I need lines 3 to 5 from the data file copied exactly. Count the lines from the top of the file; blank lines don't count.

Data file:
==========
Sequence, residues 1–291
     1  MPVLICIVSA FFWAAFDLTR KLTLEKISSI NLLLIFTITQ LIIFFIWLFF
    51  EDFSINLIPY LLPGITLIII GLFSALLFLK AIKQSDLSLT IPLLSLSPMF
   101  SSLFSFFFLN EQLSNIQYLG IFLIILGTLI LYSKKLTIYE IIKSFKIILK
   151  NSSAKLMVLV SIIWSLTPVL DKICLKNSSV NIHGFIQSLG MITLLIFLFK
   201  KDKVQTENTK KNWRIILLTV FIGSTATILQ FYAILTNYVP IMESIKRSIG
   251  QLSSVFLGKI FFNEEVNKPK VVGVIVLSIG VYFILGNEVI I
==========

    51  EDFSINLIPY LLPGITLIII GLFSALLFLK AIKQSDLSLT IPLLSLSPMF
   101  SSLFSFFFLN EQLSNIQYLG IFLIILGTLI LYSKKLTIYE IIKSFKIILK
   151  NSSAKLMVLV SIIWSLTPVL DKICLKNSSV NIHGFIQSLG MITLLIFLFK